After more than two hours of public speakers on the subject, Austin City Council revamped future economic development incentive agreements at its Oct. 24 meeting by establishing eligibility standards for applicants to fulfill so they can take part in the program.

The topic was a contentious issue, with more than 250 people signed up in favor of it, though very few were signed up to speak against it. In particular, speakers focused on the requirement of a prevailing and living wage in order for a business to be eligible for an incentive agreement.

"This is not about trying to stop, stifle or hurt job growth or the economy," said Councilman Mike Martinez, who sponsored the resolution. "In fact, it's the exact opposite. It's about creating the jobs we need in Austin with the companies that we need here in Austin, who understand the values we are trying to impart in this policy."

The resolution created a matrix for staff and council to use to approve incentive deals. Part of that matrix criteria includes requirements for an applicant to provide a prevailing wage for construction workers. For prevailing wages that fall below the city's living wage, companies applying for an economic development incentive must provide a living wage for construction workers. The resolution also requires the applicant to provide at least a living wage for full-time employees and contract employees.

The city's living wage is about $11 an hour, and the city uses Travis County's prevailing wage determination. A prevailing wage is the hourly wage, benefits and overtime for a job type in a geographical area.

David Ford, president and CEO of the Central Texas Chapter of Associated Builders and Contractors Inc., said his organization's concern was that requiring both a prevailing wage and living wage would drive potential businesses away from the city.

"When companies are considering coming to Austin and they see this increase in construction cost, they may consider going elsewhere," Ford said. "We need construction in Austin. Nobody wins when companies go elsewhere. You're going to hinder the [Greater Austin Chamber of Commerce's] ability to bring companies to Austin."

Austin resident David Butts also spoke at the meeting. He said he could not believe that the living and prevailing wage issues were even up for debate and that the city should get something in return for the incentives.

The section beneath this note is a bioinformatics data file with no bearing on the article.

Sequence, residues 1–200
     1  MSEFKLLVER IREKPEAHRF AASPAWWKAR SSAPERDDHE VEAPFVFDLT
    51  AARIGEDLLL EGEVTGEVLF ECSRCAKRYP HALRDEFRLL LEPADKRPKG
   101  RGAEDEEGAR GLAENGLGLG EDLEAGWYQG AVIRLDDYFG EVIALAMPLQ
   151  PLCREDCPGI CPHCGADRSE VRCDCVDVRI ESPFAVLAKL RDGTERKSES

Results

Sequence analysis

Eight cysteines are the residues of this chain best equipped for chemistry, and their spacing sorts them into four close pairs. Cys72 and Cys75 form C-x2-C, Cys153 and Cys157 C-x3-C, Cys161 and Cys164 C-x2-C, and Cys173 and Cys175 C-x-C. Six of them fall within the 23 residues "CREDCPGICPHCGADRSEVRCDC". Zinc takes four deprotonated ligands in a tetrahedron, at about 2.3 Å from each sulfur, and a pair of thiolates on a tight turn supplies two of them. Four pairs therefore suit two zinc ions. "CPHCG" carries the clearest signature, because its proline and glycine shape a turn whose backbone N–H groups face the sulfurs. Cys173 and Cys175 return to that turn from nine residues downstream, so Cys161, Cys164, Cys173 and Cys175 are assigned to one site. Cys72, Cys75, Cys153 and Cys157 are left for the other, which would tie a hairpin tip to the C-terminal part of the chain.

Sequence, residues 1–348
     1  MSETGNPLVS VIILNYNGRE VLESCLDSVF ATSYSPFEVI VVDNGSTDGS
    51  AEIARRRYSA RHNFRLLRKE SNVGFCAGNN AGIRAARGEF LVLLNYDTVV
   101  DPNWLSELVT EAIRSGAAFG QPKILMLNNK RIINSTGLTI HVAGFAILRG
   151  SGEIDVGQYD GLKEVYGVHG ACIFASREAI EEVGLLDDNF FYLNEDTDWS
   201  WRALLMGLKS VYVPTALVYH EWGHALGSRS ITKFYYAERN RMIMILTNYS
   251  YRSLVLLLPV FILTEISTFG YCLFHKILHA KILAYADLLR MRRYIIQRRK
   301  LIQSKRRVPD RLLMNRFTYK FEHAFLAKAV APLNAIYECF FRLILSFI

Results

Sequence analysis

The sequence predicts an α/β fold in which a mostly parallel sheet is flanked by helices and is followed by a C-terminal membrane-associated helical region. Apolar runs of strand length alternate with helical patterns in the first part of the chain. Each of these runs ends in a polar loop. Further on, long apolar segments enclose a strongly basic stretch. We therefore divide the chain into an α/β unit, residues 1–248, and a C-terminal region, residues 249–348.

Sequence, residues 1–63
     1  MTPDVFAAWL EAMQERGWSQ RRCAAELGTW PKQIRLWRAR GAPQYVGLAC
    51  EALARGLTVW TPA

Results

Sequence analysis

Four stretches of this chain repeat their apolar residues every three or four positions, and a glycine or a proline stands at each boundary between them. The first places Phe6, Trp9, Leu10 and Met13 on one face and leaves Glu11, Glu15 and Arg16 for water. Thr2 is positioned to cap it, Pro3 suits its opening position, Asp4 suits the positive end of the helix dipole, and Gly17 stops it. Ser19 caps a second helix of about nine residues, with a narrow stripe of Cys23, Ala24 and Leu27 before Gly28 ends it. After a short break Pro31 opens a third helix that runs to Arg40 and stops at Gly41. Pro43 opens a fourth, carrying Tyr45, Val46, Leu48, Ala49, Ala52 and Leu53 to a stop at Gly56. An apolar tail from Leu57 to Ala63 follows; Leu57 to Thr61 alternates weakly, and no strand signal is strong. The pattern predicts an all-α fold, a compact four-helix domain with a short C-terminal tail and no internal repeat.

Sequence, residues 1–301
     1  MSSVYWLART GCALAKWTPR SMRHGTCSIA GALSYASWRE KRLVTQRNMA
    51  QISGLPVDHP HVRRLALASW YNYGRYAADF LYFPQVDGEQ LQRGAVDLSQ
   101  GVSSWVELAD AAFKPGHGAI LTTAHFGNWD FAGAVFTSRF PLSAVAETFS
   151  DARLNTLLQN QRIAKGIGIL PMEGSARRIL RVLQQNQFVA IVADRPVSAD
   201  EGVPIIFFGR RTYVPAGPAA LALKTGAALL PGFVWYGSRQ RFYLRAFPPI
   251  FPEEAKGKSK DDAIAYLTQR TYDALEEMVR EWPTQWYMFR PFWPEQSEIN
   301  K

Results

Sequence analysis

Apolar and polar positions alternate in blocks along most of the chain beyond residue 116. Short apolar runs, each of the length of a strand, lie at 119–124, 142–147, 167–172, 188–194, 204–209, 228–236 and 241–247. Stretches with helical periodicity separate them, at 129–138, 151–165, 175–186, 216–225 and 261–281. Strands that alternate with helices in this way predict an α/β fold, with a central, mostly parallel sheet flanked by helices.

"Quite honestly, if [companies] want to come here on their own and do whatever they do, then that's their choice," Butts said. "Now if they want tax dollars for benefits from the city, that's a different matter."

Several members of the council were concerned over the potential increased cost to development if the prevailing wage aspect remained a requirement as well as the potential job loss.

"If it does kill any jobs, here are the jobs that [the resolution] is going to kill," Martinez said. "It's going to kill jobs that pay a poverty wage. It's going to kill jobs that require folks to be on other government assistance, thus costing all of us."

Councilman Chris Riley amended the resolution so that the prevailing wage requirement, like the living wage requirement, could be exempted.

"I do think there might well be times that we would be in danger of losing jobs that would be valuable to this community if we maintain the rigid expectation of prevailing wage in all cases," Riley said. "What we've seen in cases like US Farathane [Corp.] is that there may well be good reasons why a firm may need to pay something less than a prevailing wage or even a living wage in some situations."

Some of the more notable businesses to receive economic incentive agreements with the city include HID Global and Apple Inc.

Councilwoman Kathie Tovo, a co-sponsor of the resolution, said that if she had been left on her own to craft the resolution, it would look different, but she was happy overall with the way the item turned out.

"I think, [overall], it is a very good balance of allowing us to have a robust policy that will attract companies to our town and still making sure that we do have a taxpayer return on investment," Tovo said.